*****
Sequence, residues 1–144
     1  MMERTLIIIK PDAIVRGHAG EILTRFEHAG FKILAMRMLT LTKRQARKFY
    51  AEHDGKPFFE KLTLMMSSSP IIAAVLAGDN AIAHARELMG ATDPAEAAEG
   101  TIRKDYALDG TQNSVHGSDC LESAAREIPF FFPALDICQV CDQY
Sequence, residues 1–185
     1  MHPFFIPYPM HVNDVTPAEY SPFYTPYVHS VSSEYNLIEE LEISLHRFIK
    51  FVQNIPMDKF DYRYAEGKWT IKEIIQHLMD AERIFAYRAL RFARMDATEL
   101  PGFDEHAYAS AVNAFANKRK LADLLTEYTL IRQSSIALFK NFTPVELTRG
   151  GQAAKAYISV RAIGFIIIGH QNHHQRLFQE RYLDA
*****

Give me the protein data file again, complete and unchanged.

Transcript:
Sequence, residues 1–144
     1  MMERTLIIIK PDAIVRGHAG EILTRFEHAG FKILAMRMLT LTKRQARKFY
    51  AEHDGKPFFE KLTLMMSSSP IIAAVLAGDN AIAHARELMG ATDPAEAAEG
   101  TIRKDYALDG TQNSVHGSDC LESAAREIPF FFPALDICQV CDQY
Sequence, residues 1–185
     1  MHPFFIPYPM HVNDVTPAEY SPFYTPYVHS VSSEYNLIEE LEISLHRFIK
    51  FVQNIPMDKF DYRYAEGKWT IKEIIQHLMD AERIFAYRAL RFARMDATEL
   101  PGFDEHAYAS AVNAFANKRK LADLLTEYTL IRQSSIALFK NFTPVELTRG
   151  GQAAKAYISV RAIGFIIIGH QNHHQRLFQE RYLDA